Everyone reads Amazon reviews before they buy something. But some of those reviews have been, in effect, paid for — the vendor of those items may have sent the reviewer a free unit.
And while there’s usually no explicit promise of a favourable review, there’s always the danger that people won’t be completely honest when they review something that they got for free.
Amazon’s putting a stop to this practice. The company updated its community guidelines on Monday to ban what it calls “incentivized reviews.”
“Our community guidelines have always prohibited compensation for reviews, with an exception — reviewers could post a review in exchange for a free or discounted product as long as they disclosed that fact,” Amazon wrote in a letter to customers posted on its site. “Today, we updated the community guidelines to prohibit incentivized reviews unless they are facilitated through the Amazon Vine program.”
Amazon says reviews written in exchange for free products make up “only a tiny fraction of the tens of millions of reviews on Amazon.”
However, Amazon will not be removing old incentivized reviews, and booksellers will still be able to provide advance review copies of books.
Going forward, Amazon will be emphasising its Vine program, a program run by Amazon that asks “the most trusted reviewers” to post reviews and opinions about products.
Here’s an example of an incentivized review:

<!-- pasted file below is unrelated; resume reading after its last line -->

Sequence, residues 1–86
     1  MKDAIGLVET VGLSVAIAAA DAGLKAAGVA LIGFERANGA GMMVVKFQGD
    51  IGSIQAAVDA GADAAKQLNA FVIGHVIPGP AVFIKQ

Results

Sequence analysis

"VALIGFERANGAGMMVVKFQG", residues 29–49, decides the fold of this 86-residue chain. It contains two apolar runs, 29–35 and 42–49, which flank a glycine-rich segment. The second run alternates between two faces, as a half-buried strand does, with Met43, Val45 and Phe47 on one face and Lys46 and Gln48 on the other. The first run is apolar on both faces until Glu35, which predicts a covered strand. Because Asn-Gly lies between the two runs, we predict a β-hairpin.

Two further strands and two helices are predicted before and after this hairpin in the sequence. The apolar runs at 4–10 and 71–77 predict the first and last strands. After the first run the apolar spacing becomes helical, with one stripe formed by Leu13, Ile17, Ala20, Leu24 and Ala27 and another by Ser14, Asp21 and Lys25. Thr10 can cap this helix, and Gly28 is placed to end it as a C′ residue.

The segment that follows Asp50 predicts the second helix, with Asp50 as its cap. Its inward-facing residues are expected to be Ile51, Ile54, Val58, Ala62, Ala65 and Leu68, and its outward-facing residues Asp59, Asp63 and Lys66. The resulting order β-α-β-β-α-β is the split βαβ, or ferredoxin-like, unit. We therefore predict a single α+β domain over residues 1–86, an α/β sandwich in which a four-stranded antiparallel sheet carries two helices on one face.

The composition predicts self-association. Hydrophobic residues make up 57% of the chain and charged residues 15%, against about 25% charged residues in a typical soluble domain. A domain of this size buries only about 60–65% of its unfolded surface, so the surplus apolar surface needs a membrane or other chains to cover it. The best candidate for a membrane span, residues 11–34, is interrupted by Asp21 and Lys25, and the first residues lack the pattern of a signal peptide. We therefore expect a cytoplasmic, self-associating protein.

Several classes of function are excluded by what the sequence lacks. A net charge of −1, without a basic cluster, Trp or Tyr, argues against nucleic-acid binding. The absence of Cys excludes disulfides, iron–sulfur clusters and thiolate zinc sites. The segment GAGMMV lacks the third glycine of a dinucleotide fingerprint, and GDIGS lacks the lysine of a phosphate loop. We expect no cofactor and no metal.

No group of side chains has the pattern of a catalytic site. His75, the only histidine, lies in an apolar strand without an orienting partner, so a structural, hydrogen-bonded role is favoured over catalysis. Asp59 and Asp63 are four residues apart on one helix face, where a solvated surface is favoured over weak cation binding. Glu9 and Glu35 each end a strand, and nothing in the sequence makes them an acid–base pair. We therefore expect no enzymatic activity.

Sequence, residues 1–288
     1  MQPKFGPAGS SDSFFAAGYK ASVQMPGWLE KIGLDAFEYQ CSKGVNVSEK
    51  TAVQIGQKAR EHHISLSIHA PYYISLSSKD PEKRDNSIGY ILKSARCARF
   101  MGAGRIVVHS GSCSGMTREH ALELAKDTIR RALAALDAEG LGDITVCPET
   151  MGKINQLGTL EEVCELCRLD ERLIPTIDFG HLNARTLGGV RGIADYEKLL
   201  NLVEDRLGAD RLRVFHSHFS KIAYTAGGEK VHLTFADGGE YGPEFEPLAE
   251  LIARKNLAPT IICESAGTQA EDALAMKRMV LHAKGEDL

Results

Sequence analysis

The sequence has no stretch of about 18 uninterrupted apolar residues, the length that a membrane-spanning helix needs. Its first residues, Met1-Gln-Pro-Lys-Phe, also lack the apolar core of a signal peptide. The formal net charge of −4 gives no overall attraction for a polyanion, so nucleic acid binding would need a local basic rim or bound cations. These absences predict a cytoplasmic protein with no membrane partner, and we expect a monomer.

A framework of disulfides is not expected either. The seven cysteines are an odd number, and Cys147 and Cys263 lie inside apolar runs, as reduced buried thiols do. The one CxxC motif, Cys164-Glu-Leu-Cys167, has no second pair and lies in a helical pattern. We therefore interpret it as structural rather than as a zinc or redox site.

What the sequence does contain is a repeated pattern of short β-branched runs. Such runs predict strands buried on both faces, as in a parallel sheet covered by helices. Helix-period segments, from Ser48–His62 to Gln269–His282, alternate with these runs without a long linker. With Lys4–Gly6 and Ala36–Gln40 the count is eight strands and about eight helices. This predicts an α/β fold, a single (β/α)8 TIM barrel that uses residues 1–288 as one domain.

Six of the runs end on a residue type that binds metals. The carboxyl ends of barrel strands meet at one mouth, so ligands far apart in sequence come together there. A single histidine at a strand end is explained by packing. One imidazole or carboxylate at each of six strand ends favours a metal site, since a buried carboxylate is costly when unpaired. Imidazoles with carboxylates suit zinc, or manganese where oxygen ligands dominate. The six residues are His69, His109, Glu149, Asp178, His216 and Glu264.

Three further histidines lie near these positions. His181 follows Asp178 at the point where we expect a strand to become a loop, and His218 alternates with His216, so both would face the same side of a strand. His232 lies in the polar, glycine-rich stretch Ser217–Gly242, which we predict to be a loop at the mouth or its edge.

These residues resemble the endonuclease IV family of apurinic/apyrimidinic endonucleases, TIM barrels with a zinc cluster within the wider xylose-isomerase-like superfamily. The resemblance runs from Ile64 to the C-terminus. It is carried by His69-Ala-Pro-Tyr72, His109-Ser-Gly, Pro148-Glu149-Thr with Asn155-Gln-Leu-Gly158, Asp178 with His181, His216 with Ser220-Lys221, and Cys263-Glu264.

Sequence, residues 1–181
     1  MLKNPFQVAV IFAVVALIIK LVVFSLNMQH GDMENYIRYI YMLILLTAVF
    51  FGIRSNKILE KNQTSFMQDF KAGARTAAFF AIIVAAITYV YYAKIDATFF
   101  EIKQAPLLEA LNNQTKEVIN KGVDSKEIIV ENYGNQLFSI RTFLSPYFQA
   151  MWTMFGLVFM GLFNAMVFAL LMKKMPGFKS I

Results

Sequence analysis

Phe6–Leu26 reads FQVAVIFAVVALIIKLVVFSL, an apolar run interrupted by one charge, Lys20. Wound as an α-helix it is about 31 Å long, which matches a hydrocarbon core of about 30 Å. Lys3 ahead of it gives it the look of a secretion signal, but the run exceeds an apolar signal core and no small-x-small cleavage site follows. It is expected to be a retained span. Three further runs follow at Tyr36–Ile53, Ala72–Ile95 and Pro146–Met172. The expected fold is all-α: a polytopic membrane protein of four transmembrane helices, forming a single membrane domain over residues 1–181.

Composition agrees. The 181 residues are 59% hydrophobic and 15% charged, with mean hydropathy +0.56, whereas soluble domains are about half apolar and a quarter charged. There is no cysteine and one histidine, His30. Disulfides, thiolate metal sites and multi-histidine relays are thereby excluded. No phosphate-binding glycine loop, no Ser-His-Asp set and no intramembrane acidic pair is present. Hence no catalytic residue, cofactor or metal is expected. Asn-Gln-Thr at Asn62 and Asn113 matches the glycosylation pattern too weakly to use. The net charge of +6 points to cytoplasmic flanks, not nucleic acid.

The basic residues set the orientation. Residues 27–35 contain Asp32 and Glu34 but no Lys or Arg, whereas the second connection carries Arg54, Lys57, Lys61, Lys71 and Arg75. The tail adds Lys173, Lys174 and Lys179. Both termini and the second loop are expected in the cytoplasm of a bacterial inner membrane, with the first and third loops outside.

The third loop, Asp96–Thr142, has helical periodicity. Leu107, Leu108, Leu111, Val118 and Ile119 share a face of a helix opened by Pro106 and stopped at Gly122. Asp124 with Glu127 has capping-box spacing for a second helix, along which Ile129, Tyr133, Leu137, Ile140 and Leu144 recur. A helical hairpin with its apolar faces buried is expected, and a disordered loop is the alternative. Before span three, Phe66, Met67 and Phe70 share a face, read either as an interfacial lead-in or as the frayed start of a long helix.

Here’s the entire letter:
Customer reviews are one of the most valuable tools we offer customers for making informed purchase decisions, and we work hard to make sure they are doing their job. In just the past year, we’ve improved review ratings by introducing a machine learned algorithm that gives more weight to newer, more helpful reviews; applying stricter criteria to qualify for the Amazon verified purchase badge; and suspending, banning or suing thousands of individuals for attempting to manipulate reviews.
Our community guidelines have always prohibited compensation for reviews, with an exception — reviewers could post a review in exchange for a free or discounted product as long as they disclosed that fact. These so-called ‘incentivized reviews’ make up only a tiny fraction of the tens of millions of reviews on Amazon, and when done carefully, they can be helpful to customers by providing a foundation of reviews for new or less well-known products.
Today, we updated the community guidelines to prohibit incentivized reviews unless they are facilitated through the Amazon Vine program. We launched Vine several years ago to carefully facilitate these kinds of reviews and have been happy with feedback from customers and vendors. Here’s how Vine works: Amazon — not the vendor or seller — identifies and invites trusted and helpful reviewers on Amazon to post opinions about new and pre-release products; we do not incentivise positive star ratings, attempt to influence the content of reviews, or even require a review to be written; and we limit the total number of Vine reviews that we display for each product. Vine has important controls in place and has proven to be especially valuable for getting early reviews on new products that have not yet been able to generate enough sales to have significant numbers of organic reviews. We also have ideas for how to continue to make Vine an even more useful program going forward. Details on that as we have them.
The above changes will apply to product categories other than books. We will continue to allow the age-old practice of providing advance review copies of books.
— Chee Chew, VP, Customer Experience
Disclosure: Jeff Bezos is an investor in Business Insider through hispersonal investment company Bezos Expeditions.